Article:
National Champion Versus Foreign Takeover
Governments in several countries have recently spent considerable effort to defend domestic firms against acquisition attempts from abroad and instead favoured mergers among national firms. In this paper we offer an explanation why globalization can reinforce the case for promoting “national champions”. We analyze an oligopolistic market where a domestic and a foreign firm are engaged in a takeover battle for a domestic competitor. Any merger or acquisition (M&A) must be approved by the national government whose objective function may include a bias against the foreign takeover. That bias endogenously results from lobbying efforts of the domestic firm that would become the outsider in the foreign acquisition scenario. In the case where the government is unbiased and only cares about welfare we find that falling trade barriers trigger the cross-border acquisition. However, when the domestic government cares sufficiently strongly about lobbying contributions, globalization has a qualitatively different effect. The foreign takeover would then only emerge in an intermediate range of trade costs.Once trade integration reaches a critical level the biased government starts to block the foreign takeover and instead opens the door for the national champion.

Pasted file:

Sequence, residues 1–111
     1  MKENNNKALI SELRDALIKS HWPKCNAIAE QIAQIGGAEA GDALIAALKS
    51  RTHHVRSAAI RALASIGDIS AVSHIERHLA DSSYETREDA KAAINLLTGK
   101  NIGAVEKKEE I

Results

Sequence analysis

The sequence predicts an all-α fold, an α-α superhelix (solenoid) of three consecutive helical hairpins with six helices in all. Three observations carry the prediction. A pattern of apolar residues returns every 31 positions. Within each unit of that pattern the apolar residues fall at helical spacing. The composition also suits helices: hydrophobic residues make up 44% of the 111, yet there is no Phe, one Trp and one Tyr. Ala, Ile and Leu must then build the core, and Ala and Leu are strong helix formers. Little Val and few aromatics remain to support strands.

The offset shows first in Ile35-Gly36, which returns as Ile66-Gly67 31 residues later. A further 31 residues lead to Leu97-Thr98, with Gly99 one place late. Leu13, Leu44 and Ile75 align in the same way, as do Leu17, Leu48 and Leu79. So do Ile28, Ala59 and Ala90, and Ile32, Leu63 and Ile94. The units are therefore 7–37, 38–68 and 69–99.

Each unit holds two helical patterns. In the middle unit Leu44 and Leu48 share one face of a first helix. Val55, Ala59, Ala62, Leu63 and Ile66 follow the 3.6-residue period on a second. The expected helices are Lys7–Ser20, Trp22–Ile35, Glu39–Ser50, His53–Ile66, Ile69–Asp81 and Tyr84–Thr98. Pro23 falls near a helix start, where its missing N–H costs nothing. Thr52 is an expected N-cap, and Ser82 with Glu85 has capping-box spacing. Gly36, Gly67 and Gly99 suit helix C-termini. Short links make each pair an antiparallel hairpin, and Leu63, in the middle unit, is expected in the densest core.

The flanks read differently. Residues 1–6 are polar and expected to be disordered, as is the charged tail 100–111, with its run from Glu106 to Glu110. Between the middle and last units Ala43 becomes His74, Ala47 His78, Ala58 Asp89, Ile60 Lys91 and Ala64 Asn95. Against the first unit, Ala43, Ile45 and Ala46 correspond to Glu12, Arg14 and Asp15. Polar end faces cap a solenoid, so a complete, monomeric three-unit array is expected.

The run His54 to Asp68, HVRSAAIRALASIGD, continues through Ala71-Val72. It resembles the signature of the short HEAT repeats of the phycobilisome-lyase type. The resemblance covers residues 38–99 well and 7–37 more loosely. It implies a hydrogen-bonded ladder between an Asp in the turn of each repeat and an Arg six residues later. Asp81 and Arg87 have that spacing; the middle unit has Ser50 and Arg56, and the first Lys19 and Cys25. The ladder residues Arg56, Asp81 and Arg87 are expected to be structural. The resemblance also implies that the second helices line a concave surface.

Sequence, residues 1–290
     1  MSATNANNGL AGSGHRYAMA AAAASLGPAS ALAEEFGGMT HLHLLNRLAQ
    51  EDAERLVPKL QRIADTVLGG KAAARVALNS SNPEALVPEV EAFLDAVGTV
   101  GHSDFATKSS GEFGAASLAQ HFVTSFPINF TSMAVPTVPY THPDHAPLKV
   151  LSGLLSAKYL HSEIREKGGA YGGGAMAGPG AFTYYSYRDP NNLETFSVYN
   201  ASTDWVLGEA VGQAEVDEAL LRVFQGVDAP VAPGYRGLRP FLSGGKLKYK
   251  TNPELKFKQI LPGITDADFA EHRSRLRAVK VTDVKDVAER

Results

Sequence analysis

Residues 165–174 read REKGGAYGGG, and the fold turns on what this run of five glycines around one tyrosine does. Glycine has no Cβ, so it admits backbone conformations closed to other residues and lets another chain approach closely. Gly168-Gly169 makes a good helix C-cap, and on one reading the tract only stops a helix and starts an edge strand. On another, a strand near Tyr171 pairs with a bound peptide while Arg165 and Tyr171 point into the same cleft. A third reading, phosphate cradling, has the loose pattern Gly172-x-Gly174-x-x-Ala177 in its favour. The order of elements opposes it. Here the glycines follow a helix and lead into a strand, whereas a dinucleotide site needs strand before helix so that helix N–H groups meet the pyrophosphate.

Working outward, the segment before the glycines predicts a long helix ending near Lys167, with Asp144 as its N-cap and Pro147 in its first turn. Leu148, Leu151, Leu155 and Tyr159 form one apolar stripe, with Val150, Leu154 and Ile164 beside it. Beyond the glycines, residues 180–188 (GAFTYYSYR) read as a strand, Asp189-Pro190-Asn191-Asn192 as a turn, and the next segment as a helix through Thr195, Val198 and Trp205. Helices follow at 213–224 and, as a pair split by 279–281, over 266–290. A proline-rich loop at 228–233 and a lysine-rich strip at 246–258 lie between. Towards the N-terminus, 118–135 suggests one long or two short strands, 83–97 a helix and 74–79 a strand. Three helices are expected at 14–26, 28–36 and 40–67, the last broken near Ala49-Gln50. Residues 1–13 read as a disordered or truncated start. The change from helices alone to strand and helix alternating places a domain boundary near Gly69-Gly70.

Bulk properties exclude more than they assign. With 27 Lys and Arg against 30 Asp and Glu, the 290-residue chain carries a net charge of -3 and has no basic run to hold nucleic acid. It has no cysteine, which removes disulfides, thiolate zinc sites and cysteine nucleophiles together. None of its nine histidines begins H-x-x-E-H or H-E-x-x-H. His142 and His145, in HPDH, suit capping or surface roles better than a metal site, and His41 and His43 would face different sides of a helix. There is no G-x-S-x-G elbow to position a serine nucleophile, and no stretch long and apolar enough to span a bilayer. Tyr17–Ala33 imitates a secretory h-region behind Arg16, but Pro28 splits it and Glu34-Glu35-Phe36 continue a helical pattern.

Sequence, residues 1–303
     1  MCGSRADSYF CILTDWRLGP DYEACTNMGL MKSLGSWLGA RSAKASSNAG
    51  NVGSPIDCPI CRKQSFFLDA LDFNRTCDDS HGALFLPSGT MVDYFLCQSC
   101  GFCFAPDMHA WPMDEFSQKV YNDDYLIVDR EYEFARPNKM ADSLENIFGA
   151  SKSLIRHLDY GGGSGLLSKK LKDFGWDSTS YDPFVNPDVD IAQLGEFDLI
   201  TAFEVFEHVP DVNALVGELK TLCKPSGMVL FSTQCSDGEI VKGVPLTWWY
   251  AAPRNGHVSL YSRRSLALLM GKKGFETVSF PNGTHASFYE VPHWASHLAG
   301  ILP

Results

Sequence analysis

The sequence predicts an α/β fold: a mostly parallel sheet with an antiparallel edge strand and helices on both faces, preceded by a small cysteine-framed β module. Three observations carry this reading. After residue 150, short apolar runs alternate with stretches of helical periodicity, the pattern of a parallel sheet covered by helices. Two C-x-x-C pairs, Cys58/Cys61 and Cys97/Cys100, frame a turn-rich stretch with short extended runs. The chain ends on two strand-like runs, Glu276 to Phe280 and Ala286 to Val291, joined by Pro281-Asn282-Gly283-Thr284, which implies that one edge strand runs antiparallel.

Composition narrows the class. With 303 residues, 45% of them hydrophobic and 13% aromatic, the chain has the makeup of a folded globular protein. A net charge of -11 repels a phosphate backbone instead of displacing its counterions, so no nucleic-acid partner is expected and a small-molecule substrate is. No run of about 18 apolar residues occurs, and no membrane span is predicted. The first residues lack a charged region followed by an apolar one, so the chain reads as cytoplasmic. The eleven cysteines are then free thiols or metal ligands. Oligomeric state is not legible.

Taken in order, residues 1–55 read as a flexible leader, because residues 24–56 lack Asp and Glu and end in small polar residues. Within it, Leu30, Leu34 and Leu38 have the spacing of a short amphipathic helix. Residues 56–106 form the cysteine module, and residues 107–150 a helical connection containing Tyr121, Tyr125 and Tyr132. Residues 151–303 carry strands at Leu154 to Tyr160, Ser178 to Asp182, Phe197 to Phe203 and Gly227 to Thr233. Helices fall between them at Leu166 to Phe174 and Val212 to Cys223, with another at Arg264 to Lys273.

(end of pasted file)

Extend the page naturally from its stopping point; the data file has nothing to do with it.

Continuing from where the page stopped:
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- J Peter Neary, 2004.
"Cross-Border Mergers as Instruments of Comparative Advantage,"
200404, School Of Economics, University College Dublin.
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644, Research Institute of Industrial Economics.
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- Nocke, Volker & Yeaple, Stephen, 2007. "Cross-border mergers and acquisitions vs. greenfield foreign direct investment: The role of firm heterogeneity," Journal of International Economics, Elsevier, vol. 72(2), pages 336-365, July.
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